RFC: Bionet <=> LISTSERV gateway

Una Smith smith-una at yale.edu
Tue Apr 20 18:47:58 EST 1993


smith-una at yale.edu (Una Smith) writes:

>>[...] 
>> So the LISTSERV <=> Usenet gateway does work.  The question is:  do we want
>> it to work in bionet?  I say yes:  it would foster a sense of community
>> and make life simpler for many administrators who now keep track of the
>> alt.*, bit.listserv.*, and sci.bio.* hierarchies as well as bionet.*, just
>> to follow all the biology research groups.


Foteos Macrides <MACRIDES at SCI.WFEB.EDU> replies:

>   Could you give us an idea of the listserv groups you have in mind, and
>whether or not they already have a gateway to a usenet group (i.e., are you
>anticipating a lot of shuffling of groups from alt, bit and/or sci into
>bionet, or just an additional hierarchy option for lists that are not
>presently gatewayed)?

Both. 

The latest version (1.2) of my FAQ lists the relevant newsgroups and
mailing lists, and indicates which already have gateways.  There are a
*lot* of those.  In addition, there are several dozen or so mailing
lists that would be good candidates for gateways into the bionet domain
(ie, would probably pass in a bionet vote).


>   Would the groups be placed in a bionet.listerv.* sub-hiearchy, with
>relative autonomy on the part of the list maintainers, or be subject to *all*
>the regulations associated with regular bionet groups?

The word "listserv" need not appear.  Consider that Usenet readers don't
need e-mail subscriptions and e-mail subscribers, by definition, already
know how to subscribe.  People who don't read Usenet or subscribe via e-mail
tend not to know what's what anyway, so such distinctions are lost on them.
Why can't we just mix in the gated lists?  From the Usenet end everything
looks and behaves seamlessly.  From the mailing list end it's generally
helpful that there be subscription instructions for each and list, however
redundant those instructions are.

I think list owners should continue to have full control over their lists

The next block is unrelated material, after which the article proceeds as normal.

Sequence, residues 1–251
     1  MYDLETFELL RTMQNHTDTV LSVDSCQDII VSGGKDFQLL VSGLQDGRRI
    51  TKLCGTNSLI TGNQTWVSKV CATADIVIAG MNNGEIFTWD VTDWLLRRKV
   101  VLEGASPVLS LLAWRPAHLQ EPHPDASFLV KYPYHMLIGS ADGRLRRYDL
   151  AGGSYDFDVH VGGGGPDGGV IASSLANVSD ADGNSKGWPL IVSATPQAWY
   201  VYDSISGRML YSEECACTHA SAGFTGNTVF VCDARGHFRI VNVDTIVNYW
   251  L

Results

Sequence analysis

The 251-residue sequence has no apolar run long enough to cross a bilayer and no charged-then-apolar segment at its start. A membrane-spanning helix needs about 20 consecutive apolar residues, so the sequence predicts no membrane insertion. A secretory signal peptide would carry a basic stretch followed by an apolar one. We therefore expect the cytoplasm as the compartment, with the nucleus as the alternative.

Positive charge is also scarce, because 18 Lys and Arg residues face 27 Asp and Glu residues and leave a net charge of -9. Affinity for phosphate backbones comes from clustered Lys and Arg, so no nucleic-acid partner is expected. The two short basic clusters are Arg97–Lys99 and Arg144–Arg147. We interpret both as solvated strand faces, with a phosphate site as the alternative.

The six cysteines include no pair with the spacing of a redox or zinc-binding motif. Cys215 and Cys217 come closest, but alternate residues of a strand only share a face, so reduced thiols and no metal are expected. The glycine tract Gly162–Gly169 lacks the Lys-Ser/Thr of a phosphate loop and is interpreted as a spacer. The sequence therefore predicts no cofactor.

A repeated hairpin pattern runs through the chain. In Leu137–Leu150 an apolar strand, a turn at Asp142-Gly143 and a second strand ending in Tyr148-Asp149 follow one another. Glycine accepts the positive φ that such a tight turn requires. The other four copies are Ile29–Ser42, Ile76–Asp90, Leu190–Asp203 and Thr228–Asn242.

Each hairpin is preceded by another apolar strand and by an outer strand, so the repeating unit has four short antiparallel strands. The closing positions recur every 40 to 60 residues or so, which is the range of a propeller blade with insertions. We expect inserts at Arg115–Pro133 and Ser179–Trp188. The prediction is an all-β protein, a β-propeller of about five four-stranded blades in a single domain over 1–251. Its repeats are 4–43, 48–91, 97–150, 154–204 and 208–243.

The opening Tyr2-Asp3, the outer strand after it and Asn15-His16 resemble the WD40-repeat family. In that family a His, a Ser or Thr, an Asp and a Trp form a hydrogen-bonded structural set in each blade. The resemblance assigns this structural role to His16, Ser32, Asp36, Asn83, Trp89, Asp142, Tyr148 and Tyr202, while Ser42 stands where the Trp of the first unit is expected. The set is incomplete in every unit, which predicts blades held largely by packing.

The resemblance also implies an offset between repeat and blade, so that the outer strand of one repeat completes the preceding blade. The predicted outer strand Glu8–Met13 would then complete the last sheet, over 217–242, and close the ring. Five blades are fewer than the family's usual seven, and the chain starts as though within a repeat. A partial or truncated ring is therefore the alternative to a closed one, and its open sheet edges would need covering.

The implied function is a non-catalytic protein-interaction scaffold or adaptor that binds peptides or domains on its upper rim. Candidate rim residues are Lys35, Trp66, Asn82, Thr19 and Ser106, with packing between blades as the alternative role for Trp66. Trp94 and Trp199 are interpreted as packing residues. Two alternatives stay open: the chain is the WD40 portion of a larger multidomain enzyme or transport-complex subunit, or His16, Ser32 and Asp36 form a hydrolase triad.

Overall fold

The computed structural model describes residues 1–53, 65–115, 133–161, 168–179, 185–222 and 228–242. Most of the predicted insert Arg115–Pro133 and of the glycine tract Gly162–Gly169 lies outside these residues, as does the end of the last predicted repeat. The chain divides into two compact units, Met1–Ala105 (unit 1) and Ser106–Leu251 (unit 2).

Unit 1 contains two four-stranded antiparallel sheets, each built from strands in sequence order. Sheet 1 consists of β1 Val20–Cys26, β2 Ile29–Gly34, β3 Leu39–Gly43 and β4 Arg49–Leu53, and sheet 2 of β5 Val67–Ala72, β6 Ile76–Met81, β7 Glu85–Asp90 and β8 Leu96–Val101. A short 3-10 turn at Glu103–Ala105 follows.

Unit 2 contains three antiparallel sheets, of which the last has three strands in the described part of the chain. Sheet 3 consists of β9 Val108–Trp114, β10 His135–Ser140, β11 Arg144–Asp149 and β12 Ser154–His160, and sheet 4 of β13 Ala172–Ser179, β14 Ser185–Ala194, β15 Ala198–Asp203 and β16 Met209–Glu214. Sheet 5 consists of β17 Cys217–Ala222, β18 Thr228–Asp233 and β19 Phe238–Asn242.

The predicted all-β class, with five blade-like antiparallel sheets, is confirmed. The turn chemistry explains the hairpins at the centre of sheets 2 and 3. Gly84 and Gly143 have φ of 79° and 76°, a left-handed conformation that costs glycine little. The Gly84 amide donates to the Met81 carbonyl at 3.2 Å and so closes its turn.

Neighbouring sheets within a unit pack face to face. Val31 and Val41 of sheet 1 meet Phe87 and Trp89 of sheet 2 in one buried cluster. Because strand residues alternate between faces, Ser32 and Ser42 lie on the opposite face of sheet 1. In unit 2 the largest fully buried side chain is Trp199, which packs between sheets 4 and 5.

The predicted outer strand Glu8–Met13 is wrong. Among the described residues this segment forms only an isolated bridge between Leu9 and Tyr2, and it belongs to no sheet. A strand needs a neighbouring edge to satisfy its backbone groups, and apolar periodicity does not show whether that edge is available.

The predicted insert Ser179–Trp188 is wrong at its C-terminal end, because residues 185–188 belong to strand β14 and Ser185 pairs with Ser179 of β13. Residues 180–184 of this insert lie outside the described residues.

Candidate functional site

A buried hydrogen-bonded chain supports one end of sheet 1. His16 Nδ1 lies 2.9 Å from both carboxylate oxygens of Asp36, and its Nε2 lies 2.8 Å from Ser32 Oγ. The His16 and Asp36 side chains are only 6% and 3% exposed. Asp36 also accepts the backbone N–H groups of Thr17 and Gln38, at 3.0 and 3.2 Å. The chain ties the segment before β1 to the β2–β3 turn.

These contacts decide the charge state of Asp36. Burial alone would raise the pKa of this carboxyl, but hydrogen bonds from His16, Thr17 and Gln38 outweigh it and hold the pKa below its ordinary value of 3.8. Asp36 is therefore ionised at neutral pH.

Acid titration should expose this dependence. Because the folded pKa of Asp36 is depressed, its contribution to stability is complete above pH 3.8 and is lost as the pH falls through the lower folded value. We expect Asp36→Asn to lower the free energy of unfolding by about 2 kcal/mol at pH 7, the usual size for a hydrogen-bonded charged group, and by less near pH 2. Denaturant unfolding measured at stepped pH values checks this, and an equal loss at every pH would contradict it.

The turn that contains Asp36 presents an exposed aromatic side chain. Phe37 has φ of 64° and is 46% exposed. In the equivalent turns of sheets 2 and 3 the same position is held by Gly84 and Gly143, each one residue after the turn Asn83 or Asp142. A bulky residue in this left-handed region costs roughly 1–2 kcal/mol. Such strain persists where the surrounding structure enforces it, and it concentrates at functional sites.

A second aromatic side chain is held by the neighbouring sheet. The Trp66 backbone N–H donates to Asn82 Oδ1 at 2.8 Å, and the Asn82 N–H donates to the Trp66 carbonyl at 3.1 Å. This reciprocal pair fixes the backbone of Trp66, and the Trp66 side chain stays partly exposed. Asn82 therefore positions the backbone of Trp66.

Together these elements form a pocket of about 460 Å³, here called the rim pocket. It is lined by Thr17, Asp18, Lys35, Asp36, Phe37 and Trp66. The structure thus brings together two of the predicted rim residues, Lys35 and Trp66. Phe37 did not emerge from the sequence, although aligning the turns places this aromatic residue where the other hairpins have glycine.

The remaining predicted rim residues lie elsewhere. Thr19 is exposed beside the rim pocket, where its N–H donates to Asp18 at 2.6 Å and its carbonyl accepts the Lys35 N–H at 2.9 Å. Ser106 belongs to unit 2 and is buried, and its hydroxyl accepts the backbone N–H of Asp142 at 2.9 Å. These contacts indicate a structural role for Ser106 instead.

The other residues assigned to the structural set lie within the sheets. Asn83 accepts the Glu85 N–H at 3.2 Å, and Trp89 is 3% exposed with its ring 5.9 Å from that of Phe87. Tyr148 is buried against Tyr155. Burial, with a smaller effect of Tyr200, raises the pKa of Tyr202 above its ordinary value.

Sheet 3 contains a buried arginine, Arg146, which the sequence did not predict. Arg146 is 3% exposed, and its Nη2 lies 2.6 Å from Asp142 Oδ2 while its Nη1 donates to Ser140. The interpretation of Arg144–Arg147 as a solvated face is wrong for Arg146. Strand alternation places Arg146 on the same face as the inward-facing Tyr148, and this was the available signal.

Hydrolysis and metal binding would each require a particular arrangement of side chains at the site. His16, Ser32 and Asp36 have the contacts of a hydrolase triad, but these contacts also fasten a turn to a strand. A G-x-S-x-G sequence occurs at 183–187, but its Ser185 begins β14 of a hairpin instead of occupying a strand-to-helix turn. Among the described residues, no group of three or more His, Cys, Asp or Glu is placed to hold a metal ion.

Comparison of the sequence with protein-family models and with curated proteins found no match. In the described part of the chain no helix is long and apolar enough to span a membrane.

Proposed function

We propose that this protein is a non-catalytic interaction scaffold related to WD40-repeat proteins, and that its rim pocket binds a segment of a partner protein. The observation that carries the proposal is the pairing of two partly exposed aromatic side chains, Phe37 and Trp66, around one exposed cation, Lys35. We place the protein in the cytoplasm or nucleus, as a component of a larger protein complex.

(and thus relative autonomy), including the right to remove or control the
direction and location of a gateway should it prove displeasing in any way.
This includes the absolute right not to have a gateway to Usenet.  I think
the relevant Usenet domain (readers and administrators) should also have a
say over whether to permit a gateway.  This is modeled on existing Usenet
conventions.

The point is that if the administration of mailing lists were left in the
hands of the present owners AND gateways were created into bionet groups
(either existing ones or new ones), the bionet domain could grow far more
quickly than BIOSCI can.  That is, faster than Dave Kristofferson and Kenton
Hoover can drum up fresh grant money to pay for more man-hours.  In addition
to handling bounced mail, subscriptions etc., and miscellaneous queries,
they also read *all* the groups, looking out for mis-directed subscription
requests, etc.  This is the proper job for a mailing list owner, but not
for the sole owner of now 10s and potentially 100s of mailing lists.  Let
the present list owners keep their lists if they want them.

Furthermore, It is my understanding that the NSF grant now supporting
BIOSCI is intended as a startup grant;  a stimulus to growth, not maint-
enance support.  This support will (and should) cease, unless BIOSCI can
come up with other, novel things to do.  The Internet clearly can support
both mailing lists and newsgroups without any direct financial support,
and I wish that BIOSCI would stop taking over tasks that others do now,
and instead concentrate on things they can't do, like petitioning more
publishers to provide TOCs, like promoting the Internet, like building a 
FAQ archive for science groups, helping biologists write FAQs, building
an abstracts service, helping biologists outside the developed countries
get access to the Internet...That's what the precious NSF grant money
should be used for, not to replace the work of dedicated volunteers. 

It is great that BIOSCI is willing and able to take over the ownership of
worthy lists whose owners request this service.  But to make this a
*condition* of inclusion in the bionet domain strikes me as a mistake. 

I suggest we remove this condition.


-- 

      Una Smith      Biology Department       smith-una at yale.edu
                     Yale University
                     New Haven, CT  06511



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